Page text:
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JOHN RAWLS’ THEORY OF JUSTICE AND ITS RELEVANCE IN THE 21st CENTURY IN INDIA

[Selected as the BEST BLOG of LegalSpecs All-Round Internship, July 2023] ABSTRACT

One of the most significant theories in the fields of jurisprudence and political science is John Rawls’ theory of justice. His work was a turning point because it introduced a legal theory that aims for a society where everyone has access to liberty, equality, and justice. Because he attempted to provide a moral theory that addresses the issue of distributive justice and is an alternative to utilitarianism, Rawls had a significant impact on the field. By examining the provisions of Rawls’ theory and attempting to analyze its application and relevance in the Indian scenario in the 21st century, this paper will attempt to comprehend the substance of Rawls’ theory of justice and will address the conceptual and practical perspectives of the concept of justice.

KEYWORDS: John Rawls, Theory of Justice, Principle, Equality, Liberties.

INTRODUCTION

Human beings, being social creatures, can't live in isolation. It has led to the establishment of states, aimed at creating a just political society. However, the concept of justice is not static[1] and It is difficult to define. There are many ways to interpret it. Justice for one person might not be justice for another. However, several jurists have attempted to define justice as closely as possible. One of these jurists was John Rawls, who wrote the well-known book "A Theory of Justice" addressing the idea of justice which was published for the first time in 1971. Let us attempt to comprehend Rawls’ concept of justice dealing mainly with political arrangements.[2]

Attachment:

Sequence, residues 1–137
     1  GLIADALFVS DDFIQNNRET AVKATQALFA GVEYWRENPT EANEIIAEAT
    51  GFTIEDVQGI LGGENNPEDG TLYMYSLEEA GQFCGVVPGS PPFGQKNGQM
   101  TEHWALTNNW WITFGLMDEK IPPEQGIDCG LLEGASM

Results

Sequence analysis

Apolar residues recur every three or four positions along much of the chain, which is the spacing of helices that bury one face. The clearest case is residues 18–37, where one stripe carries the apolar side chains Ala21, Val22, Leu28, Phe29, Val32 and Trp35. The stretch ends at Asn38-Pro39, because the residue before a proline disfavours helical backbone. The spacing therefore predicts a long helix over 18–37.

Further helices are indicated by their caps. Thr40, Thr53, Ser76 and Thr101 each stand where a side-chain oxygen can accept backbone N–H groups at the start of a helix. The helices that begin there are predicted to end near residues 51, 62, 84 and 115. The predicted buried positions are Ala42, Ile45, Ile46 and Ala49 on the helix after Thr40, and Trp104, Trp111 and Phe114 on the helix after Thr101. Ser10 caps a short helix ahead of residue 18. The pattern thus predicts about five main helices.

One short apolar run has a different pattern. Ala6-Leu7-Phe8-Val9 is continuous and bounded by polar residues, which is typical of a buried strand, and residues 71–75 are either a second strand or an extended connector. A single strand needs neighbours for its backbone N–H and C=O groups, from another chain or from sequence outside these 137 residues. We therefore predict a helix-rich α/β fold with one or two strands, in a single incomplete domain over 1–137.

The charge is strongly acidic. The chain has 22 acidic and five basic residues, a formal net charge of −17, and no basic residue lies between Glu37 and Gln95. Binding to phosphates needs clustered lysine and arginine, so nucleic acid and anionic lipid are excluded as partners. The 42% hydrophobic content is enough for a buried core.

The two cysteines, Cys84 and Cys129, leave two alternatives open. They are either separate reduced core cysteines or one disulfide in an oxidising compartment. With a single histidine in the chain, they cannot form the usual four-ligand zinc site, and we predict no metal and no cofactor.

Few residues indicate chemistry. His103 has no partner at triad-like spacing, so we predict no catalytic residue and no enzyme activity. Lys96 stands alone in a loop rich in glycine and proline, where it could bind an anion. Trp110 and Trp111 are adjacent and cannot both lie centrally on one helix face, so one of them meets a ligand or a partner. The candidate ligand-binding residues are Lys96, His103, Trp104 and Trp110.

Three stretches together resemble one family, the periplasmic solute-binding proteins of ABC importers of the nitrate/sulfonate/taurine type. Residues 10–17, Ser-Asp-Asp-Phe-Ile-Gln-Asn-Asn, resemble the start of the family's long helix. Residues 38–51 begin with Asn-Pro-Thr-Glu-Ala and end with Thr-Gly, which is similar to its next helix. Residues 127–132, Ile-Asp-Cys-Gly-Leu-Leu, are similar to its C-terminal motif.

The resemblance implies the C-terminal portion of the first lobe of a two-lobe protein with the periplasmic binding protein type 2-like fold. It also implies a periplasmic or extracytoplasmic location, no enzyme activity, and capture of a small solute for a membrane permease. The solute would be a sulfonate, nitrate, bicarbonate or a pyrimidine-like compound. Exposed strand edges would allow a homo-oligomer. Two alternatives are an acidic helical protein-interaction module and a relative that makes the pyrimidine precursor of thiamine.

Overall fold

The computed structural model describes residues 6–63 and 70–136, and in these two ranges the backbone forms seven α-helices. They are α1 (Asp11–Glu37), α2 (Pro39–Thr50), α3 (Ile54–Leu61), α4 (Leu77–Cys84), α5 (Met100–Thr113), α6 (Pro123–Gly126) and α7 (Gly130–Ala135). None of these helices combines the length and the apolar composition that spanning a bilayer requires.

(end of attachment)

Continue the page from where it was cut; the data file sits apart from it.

JOHN RAWLS’ THEORY OF JUSTICE

John Rawls strongly disagreed with the theory of utilitarianism, which had the point of view that just or fair exercises are the ones that bring the maximum amount of good for the maximum number. He denounced utilitarianism since he thought that this theory provides a way for the government to work in such a manner that gives joy to the majority but overlooks the desires and freedoms of a minority. His theory of justice is generally affected by the Social Contract Theory as interpreted by a political philosopher- Immanuel Kant. In short, it doesn’t call for fair shares of the social pie but rather seeks to maximize equal liberty of individuals without disadvantaging the list and downed groups in the community.

THEORETICAL OBJECTIVE

Rawls’ emergence of the theory of justice was intended to provide a means to establish a well-ordered society. A Well-Ordered Society: According to Rawls’, this formulation can be achieved by adhering to the contract's following terms:

  • Circumstances of justice

  • Original position

  • Veil of ignorance

  • Maximin rule

Circumstances of Justice: According to Rawls’, the circumstances of justice are those scenarios in which human collaboration is both viable and essential.

Original Position: John Rawls invites readers to envision a hypothetical scenario where a group of people, unaware of their personal characteristics or circumstances, gather to create laws. This scenario represents a state of equality and impartiality, originally known as an original position.

Veil of Ignorance: To achieve justice, it is crucial to be unbiased and rational when making decisions that impact society. Rawls suggests adopting a "veil of ignorance," which separates the decision-maker from their personal interests and knowledge about themselves or others. This fictitious concept promotes fairness and impartiality.